Every weapon in Breath of the Wild is destructible, they degrade over time and eventually they will destroy in a puff of blue sparkles. They usually do this at the most inopportune times and leave you scrambling to get your next weapon ready, which can often be a mop. Lots and lots of different items can be used as weapons, from traditional swords, to anything a foe wields (including their arms, sometimes) and even farming equipment like hoes and forks. With weapons being destructible you should always stock up your inventory to the brim with them, lest you be in a fierce battle without any weapons at all. Stock up with as many as you can and always be swapping your weakest and closest to breaking weapons out with fresh, hopefully stronger ones.
While you’re at it be thinking about which weapon you’re using. When exploring the plains I’d tend to use one of the standard, common weapons whenever I was ambushed by a small gang of devious creatures, and I’d be saving my better weapons for the bigger fish. You don’t want to be wasting your cool sword that does mega damage on something that can be taken out with a soup ladle.
The scope is your friend
As we’ve established in tip number one, you’re wandering around this world without a minimap to constantly tell you which direction you should be heading, and that’s great! But sometimes you’re going to want to be heading directly to a certain interesting thing you’ve spotted. Well, make sure to constantly bring up the scope and use the pin feature. If you spot something that looks interesting from a lofty vantage point, make sure you tag it so you can head straight there or save it for later. Once pinned, a great column of light will shoot from the sky, so you should look for that through the scope so you know which way to walk. Also, the scope is great at, who’d have thought, scoping out enemy camps and seeing what lies ahead for you. In fact, I’d even recommend using it to just watch Bokos from a far. They’re really funny and fascinating to watch.
I’m absolutely loving BOTW and I think one of the many reasons for that is because it doesn’t hold your hand at all. It gives you suggestive nudges every now and then, but that aside you’re free to venture out into the world on your own accord. Do and go wherever you want. It presents you with tasks, but it doesn’t tell you how to do them. This leaves the player free to be creative and solve puzzles and quests however they want. The prime example of this was a shrine I came across in which there was a monkeyball-esque maze puzzle. I was getting infuriated as the ball just wouldn’t go where I wanted; by chance I ended up flinging the ball out of the maze and it landed just behind where Link was standing. I used stasis on the ball, hit it three times with my sledgehammer, and then it flew over a massive gap and landed in the hole. Puzzle solved, not how it was intended to be, but solved all the same. There’s room for you to be imaginative and different in BOTW, so improvise, try different things and see what you can do that no one else has.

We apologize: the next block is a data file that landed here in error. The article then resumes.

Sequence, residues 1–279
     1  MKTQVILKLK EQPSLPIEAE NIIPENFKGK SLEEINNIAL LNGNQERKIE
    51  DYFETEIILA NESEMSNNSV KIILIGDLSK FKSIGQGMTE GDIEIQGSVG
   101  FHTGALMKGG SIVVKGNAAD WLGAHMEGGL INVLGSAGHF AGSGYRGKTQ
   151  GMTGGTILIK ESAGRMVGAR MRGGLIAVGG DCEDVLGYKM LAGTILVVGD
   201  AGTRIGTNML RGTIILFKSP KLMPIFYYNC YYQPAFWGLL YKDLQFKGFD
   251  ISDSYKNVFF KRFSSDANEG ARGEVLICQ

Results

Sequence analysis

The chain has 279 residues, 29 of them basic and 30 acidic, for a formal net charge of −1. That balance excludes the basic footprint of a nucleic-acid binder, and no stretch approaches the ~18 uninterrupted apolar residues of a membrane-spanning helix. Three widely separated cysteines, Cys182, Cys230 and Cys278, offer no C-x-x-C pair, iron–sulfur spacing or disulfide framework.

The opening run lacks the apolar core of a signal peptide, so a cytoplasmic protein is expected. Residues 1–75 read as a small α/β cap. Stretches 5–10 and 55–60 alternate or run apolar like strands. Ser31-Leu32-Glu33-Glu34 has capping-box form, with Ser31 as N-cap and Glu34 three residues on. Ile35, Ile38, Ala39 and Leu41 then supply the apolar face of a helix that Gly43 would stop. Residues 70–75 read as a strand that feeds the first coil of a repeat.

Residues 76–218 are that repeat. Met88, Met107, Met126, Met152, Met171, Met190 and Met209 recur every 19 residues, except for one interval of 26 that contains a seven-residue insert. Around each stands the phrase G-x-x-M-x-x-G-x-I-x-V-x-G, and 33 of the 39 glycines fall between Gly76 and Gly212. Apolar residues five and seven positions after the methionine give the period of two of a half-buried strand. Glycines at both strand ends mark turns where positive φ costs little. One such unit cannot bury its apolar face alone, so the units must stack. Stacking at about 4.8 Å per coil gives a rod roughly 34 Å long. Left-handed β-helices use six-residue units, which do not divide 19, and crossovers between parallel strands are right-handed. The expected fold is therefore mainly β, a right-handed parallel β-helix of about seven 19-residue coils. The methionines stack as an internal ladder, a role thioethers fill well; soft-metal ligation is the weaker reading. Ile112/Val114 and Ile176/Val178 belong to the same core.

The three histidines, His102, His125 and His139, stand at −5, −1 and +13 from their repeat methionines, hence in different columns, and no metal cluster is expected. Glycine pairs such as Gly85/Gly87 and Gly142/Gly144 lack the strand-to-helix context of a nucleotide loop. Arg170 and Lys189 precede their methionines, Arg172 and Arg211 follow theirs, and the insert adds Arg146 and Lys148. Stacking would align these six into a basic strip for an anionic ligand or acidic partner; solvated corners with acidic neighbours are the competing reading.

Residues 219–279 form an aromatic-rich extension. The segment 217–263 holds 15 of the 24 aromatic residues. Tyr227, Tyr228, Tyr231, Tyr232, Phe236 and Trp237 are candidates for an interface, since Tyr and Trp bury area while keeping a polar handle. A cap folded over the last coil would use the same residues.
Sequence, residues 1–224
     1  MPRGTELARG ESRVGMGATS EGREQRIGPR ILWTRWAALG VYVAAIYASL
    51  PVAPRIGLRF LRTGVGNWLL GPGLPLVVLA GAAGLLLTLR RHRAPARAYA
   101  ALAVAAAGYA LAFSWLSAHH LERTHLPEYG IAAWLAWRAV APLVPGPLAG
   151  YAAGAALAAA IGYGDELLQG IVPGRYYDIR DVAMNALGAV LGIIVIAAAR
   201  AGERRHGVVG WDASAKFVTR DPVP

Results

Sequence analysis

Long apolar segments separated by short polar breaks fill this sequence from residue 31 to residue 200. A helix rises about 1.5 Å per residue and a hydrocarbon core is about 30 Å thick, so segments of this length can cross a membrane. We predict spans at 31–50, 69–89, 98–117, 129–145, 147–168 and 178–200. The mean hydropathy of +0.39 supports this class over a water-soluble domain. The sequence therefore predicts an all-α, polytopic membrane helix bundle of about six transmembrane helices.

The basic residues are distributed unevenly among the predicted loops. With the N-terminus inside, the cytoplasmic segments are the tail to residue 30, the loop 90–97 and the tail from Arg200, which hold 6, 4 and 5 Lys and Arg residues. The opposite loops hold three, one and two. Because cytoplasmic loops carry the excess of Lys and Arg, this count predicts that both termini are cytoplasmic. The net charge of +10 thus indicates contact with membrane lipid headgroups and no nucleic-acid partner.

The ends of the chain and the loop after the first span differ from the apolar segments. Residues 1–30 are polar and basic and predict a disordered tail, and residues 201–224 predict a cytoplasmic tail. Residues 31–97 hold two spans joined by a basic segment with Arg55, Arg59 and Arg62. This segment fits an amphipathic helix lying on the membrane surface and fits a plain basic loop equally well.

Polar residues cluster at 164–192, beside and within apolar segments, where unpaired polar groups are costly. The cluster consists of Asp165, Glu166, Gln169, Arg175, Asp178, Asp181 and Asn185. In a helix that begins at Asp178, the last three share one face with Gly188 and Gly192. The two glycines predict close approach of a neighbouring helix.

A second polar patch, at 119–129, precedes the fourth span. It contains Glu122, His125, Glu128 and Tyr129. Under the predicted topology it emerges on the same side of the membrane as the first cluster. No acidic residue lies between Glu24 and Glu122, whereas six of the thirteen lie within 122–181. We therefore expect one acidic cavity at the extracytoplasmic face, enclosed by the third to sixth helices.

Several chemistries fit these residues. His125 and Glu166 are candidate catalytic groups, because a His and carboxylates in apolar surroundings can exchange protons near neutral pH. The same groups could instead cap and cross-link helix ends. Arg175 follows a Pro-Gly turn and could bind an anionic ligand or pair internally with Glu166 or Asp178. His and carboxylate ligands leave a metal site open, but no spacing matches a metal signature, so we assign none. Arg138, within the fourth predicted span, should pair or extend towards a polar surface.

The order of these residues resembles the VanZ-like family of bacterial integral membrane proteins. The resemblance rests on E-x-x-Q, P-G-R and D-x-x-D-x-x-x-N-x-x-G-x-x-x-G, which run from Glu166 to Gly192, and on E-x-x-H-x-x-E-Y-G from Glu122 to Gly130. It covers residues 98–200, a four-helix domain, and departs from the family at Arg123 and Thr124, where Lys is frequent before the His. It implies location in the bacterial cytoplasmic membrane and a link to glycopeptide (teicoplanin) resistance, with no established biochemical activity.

The snowy mountain tops to the scorching deserts with every luscious meadow in between, Breath of the Wild is simply gorgeous. There are surprises and humour and quirkiness and things you would never imagine hidden throughout this vast land, but none of it will come up on the map – none of it will be given to you on a silver platter. The biggest tip I can possibly give to anyone playing BOTW is to just explore. Don’t worry about completing all the quests or collectibles or anything, just explore all the wonder this world has to offer. It’s an adventure, so make it one.